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Welcome to the Books That Burn Fortnightly Roundup! Releasing every two weeks (one week early for Patrons). Remember to head to Transcripts That Burn for all available transcripts of the podcast. The newest transcript for our episode discussing Uglies by Scott Westerfeld is now available.
We're figuring out a sustainable schedule of podcast episodes in light of some ongoing life events. It looks like that will likely be one regular episode per month plus Robin reading an essay they've written for the blog. That also means there will be essays more often. The events causing this decrease in episodes are temporary, but will last long enough that we're committing to fewer, consistently released episodes rather than months with several releases followed by gaps.
I track upcoming book releases by authors we've previously covered on a shareable google calendar. It doesn't cover everyone, but it covers at minimum the authors I reviewed favorably and is a good snapshot of the books I'm looking forward to reading (or already read as ARCs).
Notable November Releases:
A Power Unbound by Freya Marske (November 7th)
Bookshops & Bonedust by Travis Baldree (November 7th)
Sometimes people ask us to boost their stuff in our stuff, here's this fortnight's mention:
THE SALT GROWS HEAVY by Cassandra Khaw is Fantasy/Horror, with queer character(s), marketed as Adult. The mermaid and the plague doctor try to deprogram kids from a surgical cult. Told in First Person with Single POV.
THE SUGARED GAME by K.J. Charles, book 2 of The Will Darling Adventures is Historical/Romance, with queer character(s), marketed as Adult. Will Darling isn't sure he wants to see Kim again, but ends up needing his help. Told in Third Person with Single POV.
THORNHEDGE by T. Kingfisher is Fantasy/Retelling marketed as Adult. Toadling watches over the tower with a sleeping girl who must never be awoken. Told in First Person with Single POV.
SUBTLE BLOOD by K.J. Charles, book 3 of The Will Darling Adventures is Historical/Romance, with queer character(s), marketed as Adult. Will Darling and Kim think they have some peace, but then Kim's detestable brother is accused of murder. Told in Third Person with Single POV.
Reviews forthcoming for A STUDY IN DROWNING by Ava Reid and UNDER THE SMOKESTREWN SKY by A. Deborah Baker (Seanan McGuire).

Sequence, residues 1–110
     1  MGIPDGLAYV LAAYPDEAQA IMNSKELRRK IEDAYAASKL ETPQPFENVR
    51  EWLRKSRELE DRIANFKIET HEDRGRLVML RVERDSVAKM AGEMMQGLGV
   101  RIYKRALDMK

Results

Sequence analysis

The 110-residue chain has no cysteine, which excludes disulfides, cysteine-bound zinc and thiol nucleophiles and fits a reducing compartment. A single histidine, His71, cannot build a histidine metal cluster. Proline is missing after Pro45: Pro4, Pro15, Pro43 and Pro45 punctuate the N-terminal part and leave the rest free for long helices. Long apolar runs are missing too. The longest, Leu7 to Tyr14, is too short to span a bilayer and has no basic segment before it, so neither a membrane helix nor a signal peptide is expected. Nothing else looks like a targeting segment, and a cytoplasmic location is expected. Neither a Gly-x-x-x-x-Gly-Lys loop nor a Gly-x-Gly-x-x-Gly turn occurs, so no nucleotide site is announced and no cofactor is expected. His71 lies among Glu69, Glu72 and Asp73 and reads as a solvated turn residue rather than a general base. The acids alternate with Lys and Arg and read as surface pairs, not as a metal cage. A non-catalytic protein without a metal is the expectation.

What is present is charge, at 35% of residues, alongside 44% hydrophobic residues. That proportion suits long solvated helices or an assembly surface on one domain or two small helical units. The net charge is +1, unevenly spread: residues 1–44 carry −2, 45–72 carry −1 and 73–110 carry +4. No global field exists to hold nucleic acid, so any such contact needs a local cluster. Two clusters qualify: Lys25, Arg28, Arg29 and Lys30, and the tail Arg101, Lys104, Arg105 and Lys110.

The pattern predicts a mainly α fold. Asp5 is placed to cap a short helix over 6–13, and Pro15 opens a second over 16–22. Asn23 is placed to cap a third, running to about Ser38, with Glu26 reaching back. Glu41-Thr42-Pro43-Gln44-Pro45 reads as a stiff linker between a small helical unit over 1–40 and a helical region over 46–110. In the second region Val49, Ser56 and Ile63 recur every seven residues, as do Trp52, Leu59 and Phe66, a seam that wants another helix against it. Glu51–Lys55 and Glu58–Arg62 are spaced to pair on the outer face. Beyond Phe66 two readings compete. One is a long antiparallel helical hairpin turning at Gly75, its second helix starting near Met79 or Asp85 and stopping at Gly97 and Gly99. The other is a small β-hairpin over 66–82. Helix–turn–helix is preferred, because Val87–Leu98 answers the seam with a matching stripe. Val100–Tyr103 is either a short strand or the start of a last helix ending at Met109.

I also wrote an essay on "SLEEP NO MORE, THE INNOCENT SLEEP, and the Death of Personality".
BANEWREAKER by Jacqueling Carey is a LOTR retelling which leans heavily into worldbuilding in a way that will likely please Tolkien fans, but was a bit much for me. Seems cool, not my thing.
A PALE LIGHT IN THE BLACK by K.B. Wagers - The description said they're the coast guard for space, but in the narrative they self-identified as cops, so I'm not finishing this. My patience for copaganda and cops as protagonists is almost nonexistent.
I just re-read MIDDLEGAME by Seanan McGuire, on the heels of finishing UNDER THE SMOKESTREWN SKY, the final book of the Up-and-Under quartet of companion novels to the Alchemical Journeys series. It was a great experience, especially since this time around I knew what was going on when the characters made analogies to the Up-and-Under series (a series which is much longer in the world of MIDDLEGAME, but a version of which exists in the real world). If none of that made sense, what's happening is that the Up-and-Under series by A. Deborah Baker is, to the characters in MIDDLEGAME, a series they read as kids. To us, it's four books that Seanan McGuire wrote as A. Deborah Baker, which accompany the other series but which can also exist and make sense on their own as a delightful MG quartet.
I'm still reading IMMORTAL LONGINGS by Chloe Gong, but I haven't made progress lately. I'm paused in reading THE DIABLO'S CURSE by Gabe Cole Novoa because some other books have closer reading deadlines and have taken priority.
NIGHT SHINE by Tessa Gratton is a very good book so far, somehow it manages to name characters "Kieran Darksmile" and "The Sorceress Who Eats Girls" and leave me wondering whether either, neither, or both of them are actually antagonists in the story. It's very queer, and it's a slow exploration of figuring out that queerness isn't an aberration or a mistake.
This time last year I read A MARVELLOUS LIGHT by Freya Marske. The final book in this trilogy comes out this month, so this is a great time to try the first one if you haven't already.
If you're looking for a place to buy any of the books I've reviewed, please consider our Bookshop page (if you use our links to purchase any books we get a small commission). Let us know if there's a category you'd like to see curated and we'll see if we can get some titles together.
As for the podcast, hopefully you're enjoying our most recent episode. If you'd like to receive episodes early, as well as bonus content, please consider supporting us on Patreon. Patrons receive this newsletter one week early, as well as a list of upcoming podcast episodes.
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Thanks for reading, the next roundup will be in two weeks!
Co-host of Books That Burn